Tuesday, October 18, 2016
This time of year, the middle of October, is the exact correlate to when everything blooms and the leaves pop out in late April. It's suddenly all too beautiful and you can't possibly take it all in. But you try.
I love October so much.
I'm doing this post for Phoebe, as much as for anyone. I miss that girl like I miss the moon when it's cloudy for weeks. I miss her like I miss the scent of tuberoses in February. And I know she misses this place, but oh! she's having such fun in Panama, learning how to sweat around the clock while
studying abroad, watching birds, making great new friends in the 15 other girls in the program; learning about forests and agriculture, loving on sloths,
and sharpening her Spanish to a fine point. Anyway, I figure she and her friends (please bring them all home with you as I want to meet them!)
would like to see what the place looks like about now. And maybe you would, too.
Every spring, I come up the deck stairs and say sadly, "Well, it looks like Rio Samba (a rose I planted in 1993) didn't make it through the winter. It's dead."
And Phoebe says, "You say that every year!" Well, I am here to inform her that it has died. Again.
It looks good, I know, but it's dead. Just like I predicted. And that bud coming? Just a final salvo. It's a lot less dead than it was last summer, but it's definitely dead.
The morning glories are FINALLY blooming. I've been hearing from lots of quarters that morning glories waited all summer long, waited into October, to bloom. Whaa? And now, just in time for a balmy week, they are going nuts.
This was my first view this morning. The low last night was 68, so the ones that opened yesterday morning never closed. And there they were smiling back at me at first light. Fabulous.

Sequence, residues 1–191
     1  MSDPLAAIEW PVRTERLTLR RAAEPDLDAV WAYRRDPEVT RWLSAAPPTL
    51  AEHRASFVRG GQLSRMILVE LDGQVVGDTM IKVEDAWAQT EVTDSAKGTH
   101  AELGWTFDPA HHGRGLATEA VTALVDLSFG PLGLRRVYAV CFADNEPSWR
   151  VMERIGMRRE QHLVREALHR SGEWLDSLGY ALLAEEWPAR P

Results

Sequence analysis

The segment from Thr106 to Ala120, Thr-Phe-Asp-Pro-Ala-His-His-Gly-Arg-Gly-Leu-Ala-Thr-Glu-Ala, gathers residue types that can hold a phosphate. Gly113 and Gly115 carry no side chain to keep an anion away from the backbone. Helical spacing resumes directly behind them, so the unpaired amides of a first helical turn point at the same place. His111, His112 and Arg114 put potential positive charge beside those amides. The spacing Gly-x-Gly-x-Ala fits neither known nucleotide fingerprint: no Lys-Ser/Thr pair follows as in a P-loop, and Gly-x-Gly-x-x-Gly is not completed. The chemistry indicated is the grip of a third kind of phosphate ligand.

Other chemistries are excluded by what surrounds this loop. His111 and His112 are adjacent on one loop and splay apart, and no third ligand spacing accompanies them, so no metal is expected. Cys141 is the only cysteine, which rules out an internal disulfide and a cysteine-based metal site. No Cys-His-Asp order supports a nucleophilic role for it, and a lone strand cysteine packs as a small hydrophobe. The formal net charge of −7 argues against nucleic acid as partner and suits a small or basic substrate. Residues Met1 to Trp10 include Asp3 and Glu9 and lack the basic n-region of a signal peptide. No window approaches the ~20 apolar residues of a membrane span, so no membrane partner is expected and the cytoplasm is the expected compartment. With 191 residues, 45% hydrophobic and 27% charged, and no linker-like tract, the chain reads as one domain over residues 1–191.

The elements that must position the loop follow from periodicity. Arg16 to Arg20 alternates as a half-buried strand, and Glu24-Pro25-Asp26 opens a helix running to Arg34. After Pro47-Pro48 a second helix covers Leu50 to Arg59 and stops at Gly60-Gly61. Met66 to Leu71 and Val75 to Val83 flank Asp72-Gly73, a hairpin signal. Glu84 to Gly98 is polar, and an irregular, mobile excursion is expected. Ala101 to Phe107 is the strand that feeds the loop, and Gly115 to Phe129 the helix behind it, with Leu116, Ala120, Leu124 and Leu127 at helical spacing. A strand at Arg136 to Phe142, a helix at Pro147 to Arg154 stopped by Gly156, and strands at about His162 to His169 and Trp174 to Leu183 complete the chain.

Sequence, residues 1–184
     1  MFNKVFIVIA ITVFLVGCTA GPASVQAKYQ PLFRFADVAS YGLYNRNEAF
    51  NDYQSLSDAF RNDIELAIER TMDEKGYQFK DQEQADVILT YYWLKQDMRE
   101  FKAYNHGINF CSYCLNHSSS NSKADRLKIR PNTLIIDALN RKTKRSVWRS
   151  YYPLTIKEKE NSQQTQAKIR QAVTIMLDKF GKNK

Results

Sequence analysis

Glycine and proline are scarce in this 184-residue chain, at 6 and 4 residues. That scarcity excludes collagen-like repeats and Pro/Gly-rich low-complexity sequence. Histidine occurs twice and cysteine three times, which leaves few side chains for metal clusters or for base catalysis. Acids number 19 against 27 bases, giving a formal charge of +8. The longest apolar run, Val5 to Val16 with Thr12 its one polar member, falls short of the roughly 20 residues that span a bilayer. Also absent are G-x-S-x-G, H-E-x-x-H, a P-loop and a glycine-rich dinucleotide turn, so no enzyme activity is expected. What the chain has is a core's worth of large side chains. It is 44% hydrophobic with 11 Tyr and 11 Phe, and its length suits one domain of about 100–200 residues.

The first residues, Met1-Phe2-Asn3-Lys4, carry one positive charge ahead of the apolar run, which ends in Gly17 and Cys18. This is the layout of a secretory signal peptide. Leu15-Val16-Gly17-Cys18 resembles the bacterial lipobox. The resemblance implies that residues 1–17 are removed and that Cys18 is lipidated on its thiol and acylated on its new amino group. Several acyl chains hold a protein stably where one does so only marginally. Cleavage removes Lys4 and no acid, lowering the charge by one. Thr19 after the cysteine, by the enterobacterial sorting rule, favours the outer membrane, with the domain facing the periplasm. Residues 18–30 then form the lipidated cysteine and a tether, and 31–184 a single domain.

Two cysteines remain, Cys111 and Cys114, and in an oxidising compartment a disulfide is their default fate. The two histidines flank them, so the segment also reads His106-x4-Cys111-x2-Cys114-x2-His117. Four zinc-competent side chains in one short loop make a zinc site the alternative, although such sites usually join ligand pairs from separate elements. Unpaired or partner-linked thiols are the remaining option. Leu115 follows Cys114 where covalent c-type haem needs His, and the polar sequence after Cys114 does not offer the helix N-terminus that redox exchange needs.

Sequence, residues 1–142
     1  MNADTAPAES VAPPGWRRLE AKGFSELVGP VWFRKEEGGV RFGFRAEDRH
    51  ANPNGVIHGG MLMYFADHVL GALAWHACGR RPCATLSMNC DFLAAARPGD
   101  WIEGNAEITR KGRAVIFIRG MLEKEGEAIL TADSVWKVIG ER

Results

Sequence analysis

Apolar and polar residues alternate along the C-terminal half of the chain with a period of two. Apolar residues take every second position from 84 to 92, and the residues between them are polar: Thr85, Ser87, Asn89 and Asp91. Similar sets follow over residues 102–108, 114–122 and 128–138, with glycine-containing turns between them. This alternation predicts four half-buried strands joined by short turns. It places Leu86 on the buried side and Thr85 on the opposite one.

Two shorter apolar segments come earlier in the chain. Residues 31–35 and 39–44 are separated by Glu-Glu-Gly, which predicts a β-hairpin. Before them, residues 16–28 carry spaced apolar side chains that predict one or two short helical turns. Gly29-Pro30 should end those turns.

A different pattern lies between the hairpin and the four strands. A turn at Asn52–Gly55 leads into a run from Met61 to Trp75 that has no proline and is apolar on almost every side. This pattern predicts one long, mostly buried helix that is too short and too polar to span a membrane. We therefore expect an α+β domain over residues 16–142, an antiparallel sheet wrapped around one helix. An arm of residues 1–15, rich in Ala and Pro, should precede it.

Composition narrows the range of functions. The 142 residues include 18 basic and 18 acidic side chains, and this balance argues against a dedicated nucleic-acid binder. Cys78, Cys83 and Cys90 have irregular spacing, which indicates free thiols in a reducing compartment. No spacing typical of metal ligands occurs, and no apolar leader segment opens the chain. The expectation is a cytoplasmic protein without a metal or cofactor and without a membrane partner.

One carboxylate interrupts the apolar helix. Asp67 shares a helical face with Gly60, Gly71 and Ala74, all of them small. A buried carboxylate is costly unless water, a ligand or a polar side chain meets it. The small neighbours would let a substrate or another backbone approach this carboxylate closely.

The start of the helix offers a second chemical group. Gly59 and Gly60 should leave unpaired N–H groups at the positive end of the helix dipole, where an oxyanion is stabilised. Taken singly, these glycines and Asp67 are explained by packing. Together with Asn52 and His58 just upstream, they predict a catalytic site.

The vines around the back deck are monstrous.
They make a great pillar of green, studded with sky-blue saucers.
I managed to catch the elusive Liam on his way to class this morning. He's there for scale. He's over 6' tall now, so let's see. That's about 2.5 Liams of morning glories.
And a peek of Rio Samba in the lower left corner.
Yep, still dead.
The pond garden is bursting with life. See the white pitchers emerging from the corner of the pond? My pitcher plants are happy and now grabbing pollinators. Not sure how I feel about that. They're greedy, exuding a honey scent but offering no nectar, only death by digestive fluids. I check every day and let some of the trapped insects go. I stick a straw down in there and the grateful insects climb out. Hate to see ctenuchid moths and honeybees struggling in there. Those plants can eat houseflies.
Sheffield Pink, a super-hardy mum (formerly known by me as Suffolk Pink), which legend has was the first mum brought to America by English colonists, is doing its pre-frost thing. Some jaunty orange calendulas I planted are a nice surprise. The zinnias self-sowed, and I fear I may have to bring some seedlings in the greenhouse. What I'll do when they get big I don't know.
A gift from painter Cindy House, who grows it in New Hampshire, Sheffield Pink is one of my favorites, for the cheery burst of new color it lends to the autumn landscape.
I'm planting bits of it all over the yard, filling bare spots, and now have enough to give some away, too, as some happy Reader Rendezvouers found out. Sheffield. Not Suffolk. I think. It's pink, anyway.
It's been a long time since the back gardens looked so pretty. They make me happy.
And so do the myrtle warblers pouring through right now. Fall warblers and flowers...that's a good combo for a hungry eye. I'm slurping October down.